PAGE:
in a two-and-one-half to three inch gap between the end of the metal bar and the end, width-wise, of the plank. It was in this gap that Farra hung the nail gun by placing the trigger on top of the metal bar. The weight of the gun pushing down on its trigger resulted in the trigger being depressed when hung in this fashion. Farra testified that while he hung the nail gun this way "hundreds of times," he never realized that the gun's trigger became depressed through this method of hanging. See Tr. of 12/1/92 at 45-64.
The incident sub judice occurred after Farra, while standing on a plank and having hung the nail gun in his habitual manner with the gun's trigger depressed as it rested on a higher roof jack, reached down to pick up a bundle of shingles in order to place them on the next highest plank. Farra bent from the waist to pick up the bundle, and, as he stood up, his elbow hit the trip mechanism with enough force to depress it. Since the gun's trigger was also depressed (by virtue of the manner in which the nail gun was hung), and since the air hose was connected, depression of the trip mechanism caused the nail gun to fire a nail into Farra's elbow.
Farra contended at trial that there were four separate defects in the nail gun. First, Farra claimed the nail gun was defective because it was equipped with a contact trip, as opposed to a "sequential trip" firing mechanism. A sequential trip is one that would require the trip mechanism to be depressed before the trigger in order for the nail gun to fire. The parties stipulated that a sequential trip in the nail gun would have prevented the accident in this case. Evidence admitted at trial showed that Stanley manufactures a sequential trip nail gun, and, indeed, holds a patent on the sequential trip firing mechanism. Second, Farra claimed the nail gun was defective because it did not contain a trigger guard, i.e., some sort of physical barrier around the trigger to prevent it from being hung in the manner employed by Farra. Third, Farra claimed that the nail gun was defective because it did not require the operator to press a button on the trigger in order to fully depress the trigger. Fourth, Farra claimed the nail gun was defective because it did not come with a hook attached to it from which the gun could be hung without the need to depress the gun trigger.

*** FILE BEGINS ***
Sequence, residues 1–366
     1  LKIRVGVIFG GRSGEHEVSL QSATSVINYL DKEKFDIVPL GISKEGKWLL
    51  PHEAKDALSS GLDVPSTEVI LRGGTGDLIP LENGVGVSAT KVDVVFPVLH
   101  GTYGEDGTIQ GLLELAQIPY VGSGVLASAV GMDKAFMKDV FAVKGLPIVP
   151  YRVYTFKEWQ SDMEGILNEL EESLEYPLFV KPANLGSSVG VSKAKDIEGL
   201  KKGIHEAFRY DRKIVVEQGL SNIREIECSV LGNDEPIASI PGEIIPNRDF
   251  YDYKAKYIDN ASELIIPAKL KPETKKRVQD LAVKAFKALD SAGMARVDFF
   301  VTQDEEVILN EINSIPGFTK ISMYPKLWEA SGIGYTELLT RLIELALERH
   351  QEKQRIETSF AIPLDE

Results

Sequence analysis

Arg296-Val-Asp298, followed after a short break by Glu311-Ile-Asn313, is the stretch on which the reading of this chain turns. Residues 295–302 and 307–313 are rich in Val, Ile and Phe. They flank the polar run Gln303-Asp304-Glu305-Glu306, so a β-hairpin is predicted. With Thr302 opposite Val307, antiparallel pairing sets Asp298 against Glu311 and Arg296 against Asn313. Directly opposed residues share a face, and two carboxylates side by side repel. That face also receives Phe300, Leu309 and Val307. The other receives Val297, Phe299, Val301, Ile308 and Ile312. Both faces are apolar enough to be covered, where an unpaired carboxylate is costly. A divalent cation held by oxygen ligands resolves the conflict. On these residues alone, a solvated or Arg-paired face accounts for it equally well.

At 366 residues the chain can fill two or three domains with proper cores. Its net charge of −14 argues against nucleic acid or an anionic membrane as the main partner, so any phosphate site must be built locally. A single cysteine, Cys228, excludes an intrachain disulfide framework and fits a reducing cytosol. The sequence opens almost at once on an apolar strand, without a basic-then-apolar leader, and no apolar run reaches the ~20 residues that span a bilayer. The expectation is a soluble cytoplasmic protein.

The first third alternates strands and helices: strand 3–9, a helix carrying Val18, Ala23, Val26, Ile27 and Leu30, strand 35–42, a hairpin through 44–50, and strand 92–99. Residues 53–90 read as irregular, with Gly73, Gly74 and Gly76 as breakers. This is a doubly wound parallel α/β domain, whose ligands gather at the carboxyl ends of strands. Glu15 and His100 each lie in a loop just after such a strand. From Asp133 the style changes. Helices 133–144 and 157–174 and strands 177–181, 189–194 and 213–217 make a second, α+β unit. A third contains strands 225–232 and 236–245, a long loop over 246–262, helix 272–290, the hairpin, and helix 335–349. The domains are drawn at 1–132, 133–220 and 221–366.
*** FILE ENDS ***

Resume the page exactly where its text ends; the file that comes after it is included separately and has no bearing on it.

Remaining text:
Stanley defended on the grounds that the nail gun was safe for its intended use. Stanley claimed this intended use was "bump firing," which allowed the nail gun's operator to fire nails repeatedly by "bumping" the trip mechanism while continuously holding down the trigger. See Tr. of 12/2/92 at 182-85. Bump firing is not possible with a sequential trip nail gun, and Stanley pointed out that bump firing is faster than firing performed without continuous trigger depression. As to Farra's other claims, Stanley claimed that the nail gun could be safely hung in a number of ways other than that used by Farra, making a hook unnecessary, and that the trigger was sufficiently protected from inadvertent depression by other parts of the gun, making a trigger guard or a button unnecessary. Stanley also claimed that Farra had misused the product, and had assumed the risk of his own injury.
At the close of Stanley's case, Farra made a motion for judgment as a matter of law that the Court denied. See Tr. of 12/3/92 at 47, 56. The case was submitted to the jury on written interrogatories. See Fed. R. Civ. P. 49(b). The jury answered the first interrogatory in the negative, finding that Farra had failed to prove his prima facie case and thus returning a verdict in favor of Stanley. See id. ; Appendix infra (reprinting the written interrogatories). Farra now asserts a number of grounds in support of his motion for judgment as a matter of law or, in the alternative, a new trial. The motion is properly before the Court, Farra having made a motion for judgment as a matter of law at the close of defendant's case, which the Court denied, and the jury having returned a verdict against the plaintiff. Plaintiff's request for a new trial in the alternative is also properly presented. See Fed. R. Civ. P. 50(b), 59(a)-(b).